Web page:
Marriages in South Africa on the table

The home affairs department wants to submit a new Marriage Policy to cabinet for approval by March 2021.

The department confirmed this in a statement following consultation with gender and human rights interest groups on the development of a new Marriage Policy for South Africa last week.

The department added that the envisaged Marriage Policy will be drawn up after extensive public consultations.

In a speech delivered at the meeting, the minister of home affairs, Dr Aaron Motsoaledi, announced that the department was “starting a process to modernise our marriages laws to ensure that they adhere to the principles of the Constitution, which enjoins us to ensure that the State does not unfairly discriminate against any citizen”.

Currently, marriage in South Africa is governed by three laws, namely, the Marriage Act 25 of 1961 (monogamous marriage for opposite sex couples); the Recognition of Customary Marriages Act 120 of 1998 (polygamous marriages for opposite sex couples); and the Civil Unions Act 17 of 2006 (monogamous partnerships for both same and opposite sex couples).

The minister holds the view that the acts still discriminate against some citizens as “current legislation does not cater for some religious marriages such as the Hindu and the Muslim and certain customary marriages among African communities”.

The plan is to draft a new, single marriage Act that will allow South Africans of different sexual orientation, religious and cultural persuasions to conclude legal marriages that will accord with the Constitutional principle of equality.

According to the department, other scheduled meetings with stakeholders include:

  • religious leaders on 26 September 2019;
  • traditional leaders on 4 October 2019;
  • CONTRALESA on 17 October 2019; and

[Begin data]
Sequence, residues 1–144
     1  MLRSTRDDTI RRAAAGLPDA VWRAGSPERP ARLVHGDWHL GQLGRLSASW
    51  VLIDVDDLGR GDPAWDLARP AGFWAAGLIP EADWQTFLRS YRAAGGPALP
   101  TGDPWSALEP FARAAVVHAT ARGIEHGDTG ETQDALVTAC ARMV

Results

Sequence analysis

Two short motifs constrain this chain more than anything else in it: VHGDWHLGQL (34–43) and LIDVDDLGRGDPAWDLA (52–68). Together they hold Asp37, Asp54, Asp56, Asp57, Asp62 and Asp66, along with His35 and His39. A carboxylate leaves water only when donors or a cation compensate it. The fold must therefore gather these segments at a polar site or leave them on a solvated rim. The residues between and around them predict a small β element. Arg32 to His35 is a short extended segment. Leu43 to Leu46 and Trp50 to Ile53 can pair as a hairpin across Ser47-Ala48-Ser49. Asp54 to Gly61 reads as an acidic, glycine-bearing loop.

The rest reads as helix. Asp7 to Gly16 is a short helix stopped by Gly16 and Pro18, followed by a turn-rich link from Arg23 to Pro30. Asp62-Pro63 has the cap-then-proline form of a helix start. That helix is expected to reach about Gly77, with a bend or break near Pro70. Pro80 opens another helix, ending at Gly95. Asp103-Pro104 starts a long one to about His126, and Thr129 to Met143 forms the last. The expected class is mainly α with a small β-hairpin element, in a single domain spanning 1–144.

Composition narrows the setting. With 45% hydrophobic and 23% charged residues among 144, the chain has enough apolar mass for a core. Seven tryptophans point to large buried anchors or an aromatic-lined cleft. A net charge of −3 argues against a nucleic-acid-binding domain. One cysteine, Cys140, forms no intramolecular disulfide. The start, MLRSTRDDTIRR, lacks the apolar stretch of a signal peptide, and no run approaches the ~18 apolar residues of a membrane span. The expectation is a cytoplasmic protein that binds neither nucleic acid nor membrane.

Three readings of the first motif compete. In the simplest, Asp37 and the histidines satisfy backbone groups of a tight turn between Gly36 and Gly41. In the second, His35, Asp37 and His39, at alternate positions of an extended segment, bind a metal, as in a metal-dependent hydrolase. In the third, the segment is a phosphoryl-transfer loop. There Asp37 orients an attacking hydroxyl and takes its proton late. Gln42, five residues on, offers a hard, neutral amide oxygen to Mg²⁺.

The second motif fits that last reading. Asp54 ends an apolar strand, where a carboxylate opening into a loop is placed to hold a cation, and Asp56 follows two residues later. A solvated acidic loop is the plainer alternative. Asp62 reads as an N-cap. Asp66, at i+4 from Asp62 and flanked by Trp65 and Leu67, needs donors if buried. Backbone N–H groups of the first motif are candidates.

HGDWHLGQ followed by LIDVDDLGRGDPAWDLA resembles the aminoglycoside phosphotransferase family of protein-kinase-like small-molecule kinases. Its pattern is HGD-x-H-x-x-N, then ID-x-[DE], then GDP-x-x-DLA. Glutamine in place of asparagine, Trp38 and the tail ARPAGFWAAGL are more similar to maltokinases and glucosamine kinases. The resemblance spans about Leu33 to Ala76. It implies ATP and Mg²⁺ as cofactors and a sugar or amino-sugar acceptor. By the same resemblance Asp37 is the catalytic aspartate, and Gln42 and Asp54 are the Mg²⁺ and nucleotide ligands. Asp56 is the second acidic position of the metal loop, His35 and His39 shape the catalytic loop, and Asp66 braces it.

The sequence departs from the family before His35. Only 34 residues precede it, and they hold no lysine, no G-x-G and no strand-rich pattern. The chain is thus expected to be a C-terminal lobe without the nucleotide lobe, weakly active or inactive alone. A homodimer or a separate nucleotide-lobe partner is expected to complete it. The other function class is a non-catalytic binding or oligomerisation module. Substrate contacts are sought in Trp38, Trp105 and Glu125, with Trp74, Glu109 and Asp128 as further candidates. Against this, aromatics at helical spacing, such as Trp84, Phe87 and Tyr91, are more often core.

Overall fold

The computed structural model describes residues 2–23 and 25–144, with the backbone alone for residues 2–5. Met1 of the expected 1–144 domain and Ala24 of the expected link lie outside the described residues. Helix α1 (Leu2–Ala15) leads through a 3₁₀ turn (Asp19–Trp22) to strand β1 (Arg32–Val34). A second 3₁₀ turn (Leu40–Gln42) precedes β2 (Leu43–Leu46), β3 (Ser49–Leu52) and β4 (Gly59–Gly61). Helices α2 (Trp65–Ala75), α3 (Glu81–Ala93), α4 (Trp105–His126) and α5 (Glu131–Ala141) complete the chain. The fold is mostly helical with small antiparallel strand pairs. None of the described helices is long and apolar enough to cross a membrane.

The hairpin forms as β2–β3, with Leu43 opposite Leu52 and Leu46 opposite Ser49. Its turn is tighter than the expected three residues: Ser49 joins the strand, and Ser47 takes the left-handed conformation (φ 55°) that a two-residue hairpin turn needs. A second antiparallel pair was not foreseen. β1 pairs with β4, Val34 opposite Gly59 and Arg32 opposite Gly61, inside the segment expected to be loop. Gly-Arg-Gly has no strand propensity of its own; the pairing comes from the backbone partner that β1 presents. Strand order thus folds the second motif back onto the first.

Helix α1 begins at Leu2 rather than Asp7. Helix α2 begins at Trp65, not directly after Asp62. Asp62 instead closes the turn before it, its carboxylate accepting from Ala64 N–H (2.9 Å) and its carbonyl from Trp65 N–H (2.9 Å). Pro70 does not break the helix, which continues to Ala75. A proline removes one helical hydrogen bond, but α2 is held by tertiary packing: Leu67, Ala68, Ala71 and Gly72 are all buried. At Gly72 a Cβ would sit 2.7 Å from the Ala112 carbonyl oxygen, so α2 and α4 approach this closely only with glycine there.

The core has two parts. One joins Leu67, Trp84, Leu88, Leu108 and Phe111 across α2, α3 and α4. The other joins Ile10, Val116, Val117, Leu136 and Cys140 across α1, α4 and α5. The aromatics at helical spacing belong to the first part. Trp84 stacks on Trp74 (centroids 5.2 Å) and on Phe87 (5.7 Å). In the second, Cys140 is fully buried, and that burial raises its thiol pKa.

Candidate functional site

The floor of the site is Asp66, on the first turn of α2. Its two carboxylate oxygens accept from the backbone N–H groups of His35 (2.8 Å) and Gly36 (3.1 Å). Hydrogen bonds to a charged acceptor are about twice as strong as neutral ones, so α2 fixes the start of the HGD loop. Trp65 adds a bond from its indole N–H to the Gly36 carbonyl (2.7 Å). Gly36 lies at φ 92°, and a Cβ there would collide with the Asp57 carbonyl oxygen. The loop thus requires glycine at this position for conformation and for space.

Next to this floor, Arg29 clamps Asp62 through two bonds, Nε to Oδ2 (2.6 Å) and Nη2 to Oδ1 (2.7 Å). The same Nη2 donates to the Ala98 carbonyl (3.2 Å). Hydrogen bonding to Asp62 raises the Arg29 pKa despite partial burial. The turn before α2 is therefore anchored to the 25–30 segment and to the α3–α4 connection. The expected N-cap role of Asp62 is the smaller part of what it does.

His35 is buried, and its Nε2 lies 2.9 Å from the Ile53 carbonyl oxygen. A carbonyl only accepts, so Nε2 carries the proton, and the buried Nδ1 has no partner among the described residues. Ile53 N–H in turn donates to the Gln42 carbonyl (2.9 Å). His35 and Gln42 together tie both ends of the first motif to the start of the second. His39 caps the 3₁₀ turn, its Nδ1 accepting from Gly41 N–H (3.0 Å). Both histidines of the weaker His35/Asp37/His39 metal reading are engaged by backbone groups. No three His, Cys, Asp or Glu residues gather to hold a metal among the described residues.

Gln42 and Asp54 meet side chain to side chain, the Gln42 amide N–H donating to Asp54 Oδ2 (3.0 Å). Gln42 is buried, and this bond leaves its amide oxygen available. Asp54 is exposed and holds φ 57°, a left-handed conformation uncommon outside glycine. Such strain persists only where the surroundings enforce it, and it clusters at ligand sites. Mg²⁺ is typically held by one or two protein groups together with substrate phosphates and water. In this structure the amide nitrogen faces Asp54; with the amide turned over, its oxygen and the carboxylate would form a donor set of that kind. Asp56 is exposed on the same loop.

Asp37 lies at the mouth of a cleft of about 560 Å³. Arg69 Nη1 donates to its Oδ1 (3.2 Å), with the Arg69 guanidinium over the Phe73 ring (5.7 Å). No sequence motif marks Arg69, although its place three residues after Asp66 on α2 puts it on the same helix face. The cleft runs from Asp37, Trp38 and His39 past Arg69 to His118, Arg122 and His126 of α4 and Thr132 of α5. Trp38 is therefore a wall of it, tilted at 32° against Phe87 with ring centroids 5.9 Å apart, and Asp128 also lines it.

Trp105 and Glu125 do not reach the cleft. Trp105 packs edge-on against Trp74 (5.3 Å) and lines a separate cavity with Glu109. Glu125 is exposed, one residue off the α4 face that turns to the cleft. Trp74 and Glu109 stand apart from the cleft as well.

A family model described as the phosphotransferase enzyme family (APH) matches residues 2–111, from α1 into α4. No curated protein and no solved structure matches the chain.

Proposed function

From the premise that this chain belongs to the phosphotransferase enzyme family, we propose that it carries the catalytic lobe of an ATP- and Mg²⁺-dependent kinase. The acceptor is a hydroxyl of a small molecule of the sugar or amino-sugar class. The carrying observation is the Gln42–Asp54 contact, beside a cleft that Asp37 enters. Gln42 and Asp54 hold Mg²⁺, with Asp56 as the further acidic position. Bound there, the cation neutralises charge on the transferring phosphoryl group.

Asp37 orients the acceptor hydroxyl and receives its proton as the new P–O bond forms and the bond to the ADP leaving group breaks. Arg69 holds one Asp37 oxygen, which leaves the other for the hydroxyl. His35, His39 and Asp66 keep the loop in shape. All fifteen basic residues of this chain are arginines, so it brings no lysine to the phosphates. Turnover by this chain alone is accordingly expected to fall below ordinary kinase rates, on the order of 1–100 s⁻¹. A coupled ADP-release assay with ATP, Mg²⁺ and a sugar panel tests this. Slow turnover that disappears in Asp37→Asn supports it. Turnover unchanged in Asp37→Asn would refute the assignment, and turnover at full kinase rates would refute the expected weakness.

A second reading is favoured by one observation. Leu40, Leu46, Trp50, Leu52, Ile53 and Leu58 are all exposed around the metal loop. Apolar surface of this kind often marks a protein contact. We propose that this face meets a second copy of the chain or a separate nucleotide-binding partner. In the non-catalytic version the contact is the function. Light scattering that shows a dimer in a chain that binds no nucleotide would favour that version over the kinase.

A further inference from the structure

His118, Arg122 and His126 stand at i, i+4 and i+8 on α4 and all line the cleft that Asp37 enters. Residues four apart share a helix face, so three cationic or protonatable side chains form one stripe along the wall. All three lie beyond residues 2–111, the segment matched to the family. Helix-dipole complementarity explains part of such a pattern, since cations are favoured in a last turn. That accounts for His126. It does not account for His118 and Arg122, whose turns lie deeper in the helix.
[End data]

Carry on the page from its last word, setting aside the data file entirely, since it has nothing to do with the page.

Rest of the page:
• government departments on 01 November 2019.
  • Following conclusion of the sectoral engagements, a Colloquium will be held to “process the inputs received and based on the inputs, craft key questions which the policy should answer”.

    BEFORE YOU LIGHT THE FIRE ON NATIONAL BRAAI DAY

    South Africans will celebrate National braai day on 24 September. This day stems from the national public holiday – Heritage Day. “Braai-ing” is a unique national pastime. It aims to unite all South Africans. 

    So, what goes into having the perfect braai day. Sabinet’s got you covered. Last year we brought you legislation into what the minimum legal requirements are for Boerewors. The next thing is having the perfect braai. Legislation proposes certain regulations on open fires. 

    South Africa has two fire seasons according to our rainfall patterns: the dry summer months in the Western Cape and the dry winter months in the rest of the country. Often wildfires are started by lightning or, in mountainous regions, by falling rocks. Most, however, are started by accident by people being careless with open flames and indifferent to the consequences of their carelessness.

    The Fire Danger Rating System in terms of the National Veld and Forest Fire Act (1998) has been published for general information.

    The national system has been designed to apply to 42 distinct regions with different fire conditions and uses a fire danger model which includes data relating to the region’s flammable fuel structure and condition as well as daily regional weather forecasts.

    The fire danger model is then used to calculate a daily fire danger index using indices of danger from blue to red.

    The five categories of fire danger in the rating system and required restrictions include the following:

    • Blue – low fire danger; no precautions required.
    • Green – low fire danger; prescribed burns may be allowed. 
    • Yellow – moderate fire danger; no fires allowed in the open air except those that are authorised by the chief fire officer of the local fire service and those in designated fireplaces; authorised fires may include prescribed burns. 
    • Orange – high fire danger; no fires may be allowed under any circumstances in the open air. 
    • Red – extreme fire danger; no fires may be allowed under any circumstances in the open air and special emergency fire preparedness measures must be invoked.

    The notice announcing the rating system, No. 1099, was published in Gazette 37014 on 15 November 2013 and replaces notice 1054 published in Gazette 27735 in 2005.

    For more information on this legislation and other gazettes, visit https://legal.sabinet.co.za or email info@sabinet.co.za

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